Vince Dinh Mr. Platt IB English SL 2 Mar 2018 The Representative Transformation of Gregor in The Metamorphosis Franz Kafka’s The Metamorphosis, known for defining a new grotesque, or kafkaesque, genre of literature, explores the life of a travelling salesman after his unfortunate transformation into a giant vermin. As the novella progresses, Gregor Samsa becomes anything but human after the titular metamorphosis occurs. During his human life, being a hardworking salesman for his family, Gregor Samsa exuded common traits of the typical middle-class worker during the time, such as that he worked tirelessly for his family. Thereby, his intentions are selfless in nature when he chooses to provide money for the family instead of affection. Yet,
“The Metamorphosis”, written by Franz Kafka, takes place in the late nineteenth and early twentieth century, the city is unspecified. The protagonist, Gregor Samsa, is turned into a giant bug and struggles to regain his harmonious life as a traveling salesman. Gregor goes through both a physical and emotional change throughout the novel, from turning into a bug and then being unable to provide for his family because of his condition. Gregor has been changed into a giant bug where he is a not a pleasant eyesight to his family and isn't accepted by his father and mother but only his sister. As the novella begins,”he found himself transformed right there in his bed into some sort of monstrous insect”.
This definition applies to the Metamorphosis, as Gregor is in an ”unfathomable universe“, and assumes ”ultimate responsibility for acts of free will“, as he believes he is responsible for forcing his family to provide for themselves. The father confirms the argument that he wants to alienate Gregor after Gregor’s death when he says, ”’Now then… let’s give thanks to God for that’“(Kafka, 27-8). This shows that even though his son has died, he still considers him as an ”it“, for he shows little sympathy for his death. Finally, now that Gregor is gone, the father is at peace with himself, and he takes his wife and daughter, and move out of their home. This shows how the father also believed that Gregor was holding them back, as they need to take care of him, and now that he cut him loose he can finally move
They locked the door behind him and from then on they went about their lives without him. Gregor starts and ends the story in a state of isolation (Kafka 498). Gregor’s death was continuously foreshadowed throughout the story because he persistently grew weaker and more distant from him
After Samsa’s boss witnessed the transformation from human to being an insect he told Samsa that he had been working very poorly and that he wanted him to put more of an effort or he would get fired. This shows how his boss used his excessive amount of power compared to Samsa’s to make sure he would work harder. Ultimately, this shows how Franz Kafka used the character of Gregor Samsa in the Metamorphosis to portray his own life through his relationship with his father, his childhood at school and how he was able to become a well known writer because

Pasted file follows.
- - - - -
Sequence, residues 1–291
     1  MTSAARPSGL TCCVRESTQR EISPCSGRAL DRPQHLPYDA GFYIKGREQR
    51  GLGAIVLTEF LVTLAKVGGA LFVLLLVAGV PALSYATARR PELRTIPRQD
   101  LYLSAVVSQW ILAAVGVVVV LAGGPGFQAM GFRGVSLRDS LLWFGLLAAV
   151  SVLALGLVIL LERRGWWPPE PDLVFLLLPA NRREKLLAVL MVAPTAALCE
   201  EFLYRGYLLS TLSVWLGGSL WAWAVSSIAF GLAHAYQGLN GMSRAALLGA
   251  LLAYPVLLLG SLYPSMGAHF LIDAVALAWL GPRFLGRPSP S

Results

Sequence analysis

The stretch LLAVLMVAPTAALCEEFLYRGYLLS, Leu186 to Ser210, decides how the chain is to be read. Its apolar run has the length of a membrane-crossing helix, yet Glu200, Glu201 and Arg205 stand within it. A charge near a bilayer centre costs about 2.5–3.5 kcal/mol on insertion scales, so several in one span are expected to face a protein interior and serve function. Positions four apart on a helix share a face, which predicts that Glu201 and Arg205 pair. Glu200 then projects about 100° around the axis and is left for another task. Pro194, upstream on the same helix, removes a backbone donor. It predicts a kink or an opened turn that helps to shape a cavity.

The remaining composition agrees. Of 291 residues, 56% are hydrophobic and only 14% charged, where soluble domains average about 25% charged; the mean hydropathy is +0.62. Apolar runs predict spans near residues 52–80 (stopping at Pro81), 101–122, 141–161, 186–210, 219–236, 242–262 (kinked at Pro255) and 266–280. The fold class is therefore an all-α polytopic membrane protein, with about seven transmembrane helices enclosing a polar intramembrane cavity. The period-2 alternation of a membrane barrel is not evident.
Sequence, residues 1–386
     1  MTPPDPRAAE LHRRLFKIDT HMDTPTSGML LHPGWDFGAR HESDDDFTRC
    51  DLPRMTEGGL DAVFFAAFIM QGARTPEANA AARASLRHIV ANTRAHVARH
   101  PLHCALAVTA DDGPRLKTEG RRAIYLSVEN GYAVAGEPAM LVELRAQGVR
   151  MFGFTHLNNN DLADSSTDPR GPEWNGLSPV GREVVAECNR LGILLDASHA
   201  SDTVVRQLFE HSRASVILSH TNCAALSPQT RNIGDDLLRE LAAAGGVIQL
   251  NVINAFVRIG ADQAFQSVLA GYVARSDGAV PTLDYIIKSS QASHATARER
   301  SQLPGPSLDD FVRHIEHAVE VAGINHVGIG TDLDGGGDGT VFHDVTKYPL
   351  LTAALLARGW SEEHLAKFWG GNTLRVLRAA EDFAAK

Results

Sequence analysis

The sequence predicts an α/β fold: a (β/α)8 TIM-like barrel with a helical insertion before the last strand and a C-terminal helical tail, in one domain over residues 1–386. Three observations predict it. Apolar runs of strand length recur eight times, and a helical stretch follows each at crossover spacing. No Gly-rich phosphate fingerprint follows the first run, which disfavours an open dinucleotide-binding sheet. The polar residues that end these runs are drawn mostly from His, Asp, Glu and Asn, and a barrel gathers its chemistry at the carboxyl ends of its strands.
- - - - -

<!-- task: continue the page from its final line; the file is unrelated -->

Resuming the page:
Society looks down on those who refuse to participate in the rat race, whether voluntarily or circumstantial. In The Metamorphosis, Franz Kafka warns us of the consequences that befall those who do not conform to the norms and expectations of the modern society. The 1914 novella tells us of the metamorphoses in the life of Gregor Samsa, a travelling salesman who woke up one morning as a “gigantic insect”. Gregor Samsa’s physical transformation into a “gigantic insect” brought drastic changes to the dynamics of the household. However, Kafka’s in a matter-of-fact way of narrating made the piece seem like a light read, a disparity to the dark unfolding of events.
The next step is to explain the aversion to the body fluids, rotten food, illnesses, and wounds, appearing in the novella. Lastly, by taking into account Kafka’s biographical aspects, parallels between Gregor’s exclusion and social ostracising of Jews back then can be drawn. Thus, in this essay, I will argue that Franz Kafka’s novella The Metamorphosis can be read through the lens of Kristeva’s notion of the abject, which manifests itself on the bodily, familial and socio-cultural levels in the text, as related to the protagonist Gregor Samsa. (<= THESIS
Explore how Gregor’s metamorphosis can be seen as a symbol of alienation of him in the modern world in Kafka’s Metamorphosis. The literal meaning of the term ‘metamorphosis’ is the process of transformation by which humans change from an adolescent into an adult in two or more stages. The choice of the title by Kafka, creates a significant role for the idea of change to be played.The story suggests a world that is pugnacious and the most salient theme in the book is per say the powerful hegemonizing demeanour of Kafka’s father over him which is shown in correlation with Mr Samsa and Gregor. Kafka’s relationship with his father was decrepit and therefor arduous to maintain. Franz Kafka goes a milestone in portraying this metamorphosis as